Ranging from an autobiographical account that outlines his development as an activist (prepared in anticipation of a trial for conspiracy charges under the Smith Act) to drafts and notes relating to his book Giving Them Hell, the Sidney Lipshires Papers offers an overview of his role in the Communist Party and as a labor organizer. The collection also contains his testimony in a 1955 public hearing before the Special Commission to Study and Investigate Communism and Subversive Activities, photographs, and biographical materials.

Subjects

Communism--United States--HistoryCommunists--MassachusettsJews--Massachusetts--Northampton--HistoryJews--Political activity--United States--History--20th centuryLabor movement--United States--History--20th centuryLabor unions--United States--Officials and employees--Biography

Contributors

Lipshires, David MLipshires, Joann BLipshires, Sidney

Types of material

AutobiographiesPhotographsTestimonies
Neill, D. Monty

D. Monty Neill Collection

1986 Feb.-Apr.
2 boxes 0.5 linear feet
Call no.: MS 1061

An educator and scholar of educational assessment, Monty Neil is the Executive Director of the National Center for Fair and Open Testing (FairTest). For his doctorate at Harvard in the mid-1980s, Neill examined the impact of the 1974 desegregation order affecting Boston’s public schools and the ongoing search within the city’s African American community for quality and equity in education. He completed his dissertation, The Struggle of Boston’s Black Community for Quality and Equality in Education: 1960-1985, in 1987.

The 33 audiocassettes in this collection include interviews with 29 activists and educational and political leaders in Boston, predominantly from the city’s African American community, include in-depth discussions about the busing crisis in Boston during the late 1970s and early 1980s, its aftermath, and the ongoing search for educational equity and quality. The tapes were recorded between January and April 1986 as part of Neill’s dissertation research.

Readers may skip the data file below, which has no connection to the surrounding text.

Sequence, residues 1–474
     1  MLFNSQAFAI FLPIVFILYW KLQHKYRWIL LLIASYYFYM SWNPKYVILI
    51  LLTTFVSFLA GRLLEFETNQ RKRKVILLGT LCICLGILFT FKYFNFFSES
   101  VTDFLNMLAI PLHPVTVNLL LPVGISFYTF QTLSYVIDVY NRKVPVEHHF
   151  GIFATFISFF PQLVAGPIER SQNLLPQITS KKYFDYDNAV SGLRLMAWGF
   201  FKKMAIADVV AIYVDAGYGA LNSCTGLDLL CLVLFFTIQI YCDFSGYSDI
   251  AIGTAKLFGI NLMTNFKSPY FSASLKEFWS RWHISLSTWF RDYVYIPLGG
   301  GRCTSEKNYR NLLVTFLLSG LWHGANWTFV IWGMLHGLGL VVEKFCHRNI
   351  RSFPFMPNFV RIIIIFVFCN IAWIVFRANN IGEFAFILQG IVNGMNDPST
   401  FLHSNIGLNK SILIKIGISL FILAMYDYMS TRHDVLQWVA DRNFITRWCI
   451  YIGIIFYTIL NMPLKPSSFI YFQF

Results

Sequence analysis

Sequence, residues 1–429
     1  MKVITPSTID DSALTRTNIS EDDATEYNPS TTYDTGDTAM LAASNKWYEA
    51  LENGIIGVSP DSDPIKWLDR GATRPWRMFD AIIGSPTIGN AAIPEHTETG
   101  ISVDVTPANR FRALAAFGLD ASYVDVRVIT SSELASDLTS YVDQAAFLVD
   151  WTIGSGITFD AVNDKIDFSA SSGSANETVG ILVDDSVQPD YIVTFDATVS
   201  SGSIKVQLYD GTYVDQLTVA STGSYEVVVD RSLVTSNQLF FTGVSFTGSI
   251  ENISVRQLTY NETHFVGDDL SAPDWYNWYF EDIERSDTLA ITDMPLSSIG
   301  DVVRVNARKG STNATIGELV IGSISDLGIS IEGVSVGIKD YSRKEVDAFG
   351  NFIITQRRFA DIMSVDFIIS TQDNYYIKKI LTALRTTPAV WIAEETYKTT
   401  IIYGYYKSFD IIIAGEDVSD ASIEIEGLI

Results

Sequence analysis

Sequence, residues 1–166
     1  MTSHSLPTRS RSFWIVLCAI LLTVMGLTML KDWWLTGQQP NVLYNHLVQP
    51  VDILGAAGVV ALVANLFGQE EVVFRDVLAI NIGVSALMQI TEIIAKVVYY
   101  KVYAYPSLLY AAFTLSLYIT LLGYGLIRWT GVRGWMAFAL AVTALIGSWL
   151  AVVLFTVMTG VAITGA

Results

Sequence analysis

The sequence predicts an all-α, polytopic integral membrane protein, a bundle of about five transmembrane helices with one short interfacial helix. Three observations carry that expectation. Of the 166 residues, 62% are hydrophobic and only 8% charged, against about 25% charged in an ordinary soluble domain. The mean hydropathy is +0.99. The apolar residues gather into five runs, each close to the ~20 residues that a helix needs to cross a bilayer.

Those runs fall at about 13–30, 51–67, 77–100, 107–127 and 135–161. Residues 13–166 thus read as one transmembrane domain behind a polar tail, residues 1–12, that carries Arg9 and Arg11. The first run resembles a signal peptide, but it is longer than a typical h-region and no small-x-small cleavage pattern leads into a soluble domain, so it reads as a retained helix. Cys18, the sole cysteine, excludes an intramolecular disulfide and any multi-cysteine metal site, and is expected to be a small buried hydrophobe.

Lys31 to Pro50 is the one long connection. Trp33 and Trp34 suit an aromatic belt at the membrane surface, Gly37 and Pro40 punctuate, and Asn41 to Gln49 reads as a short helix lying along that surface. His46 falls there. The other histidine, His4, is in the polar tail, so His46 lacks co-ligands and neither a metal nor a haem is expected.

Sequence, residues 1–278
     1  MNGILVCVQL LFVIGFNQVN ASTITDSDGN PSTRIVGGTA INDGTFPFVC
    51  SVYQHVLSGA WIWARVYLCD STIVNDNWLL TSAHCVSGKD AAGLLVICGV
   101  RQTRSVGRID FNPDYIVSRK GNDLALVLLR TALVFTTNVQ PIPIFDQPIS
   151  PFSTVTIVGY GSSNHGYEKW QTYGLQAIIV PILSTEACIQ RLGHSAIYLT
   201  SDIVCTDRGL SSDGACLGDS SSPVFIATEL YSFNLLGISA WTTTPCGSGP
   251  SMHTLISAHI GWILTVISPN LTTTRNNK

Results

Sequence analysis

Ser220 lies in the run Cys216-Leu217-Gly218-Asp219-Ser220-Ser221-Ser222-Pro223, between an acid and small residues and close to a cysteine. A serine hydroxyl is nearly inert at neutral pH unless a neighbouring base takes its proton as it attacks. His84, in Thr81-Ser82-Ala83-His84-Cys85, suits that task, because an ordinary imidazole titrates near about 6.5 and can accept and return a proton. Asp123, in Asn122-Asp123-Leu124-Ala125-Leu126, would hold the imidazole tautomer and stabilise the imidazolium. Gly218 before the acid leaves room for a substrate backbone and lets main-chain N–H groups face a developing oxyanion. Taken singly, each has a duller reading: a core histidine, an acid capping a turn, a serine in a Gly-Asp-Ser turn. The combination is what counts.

Gift of Monty Neill, Dec. 2018

Subjects

African Americans--Massachusetts--BostonBoston (Mass.)--History--20th centuryBoston (Mass.)--Politics and government--20th centuryBusing for school integration--Massachusetts--BostonCivil rights movements--Massachusetts--BostonPublic schools--Massachusetts--BostonSegregation in education--Massachusetts--Boston

Contributors

Breeden, James P. (James Pleasant)Haskins, Kenneth, 1923-1994Jones, Hubie, 1933-King, Melvin, 1928-O'Bryant, John D., 1931-1992Owens, Bill, 1937-Owens-Hicks, ShirleySmith, Mary EllenSnowden, Muriel S. (Muriel Sutherland), 1916-

Types of material

Audiocassettes
Robinson, Craig D.

Craig D. Robinson Papers

ca.1980-2007
4 boxes 6 linear feet
Call no.: MS 739
Depiction of Robinson for president flier
Robinson for president flier

A labor attorney and activist, Craig Robinson was born in Hartford, Conn., on August 6, 1952, and raised in Stafford. After rising tuition led him to drop out of the University of Connecticut in 1971, Robinson worked in a variety of manual jobs until he was hired by the US Postal Service in 1974. From the time of his assignment to the bulk mail facility in Springfield the next year, Robinson was an active member of the American Postal Workers Union, eventually serving as steward, vice president, and president of his Local, and his activism often created friction with management. Earning his BA at UMass Amherst (1980) and JD from the Western New England School of Law (1984), he began practicing labor law, moving to full time in 1991. Devoted to workplace justice, he served as General Counsel for the Pioneer Valley Central Labor Council and for Locals of the United Roofers Union and Amalgamated Transit Union, among others, and was a founding board member of the Western Massachusetts Coalition for Occupational Safety and Health. Robinson died on June 17, 2007, and is survived by his wife Linda Tonoli, and son.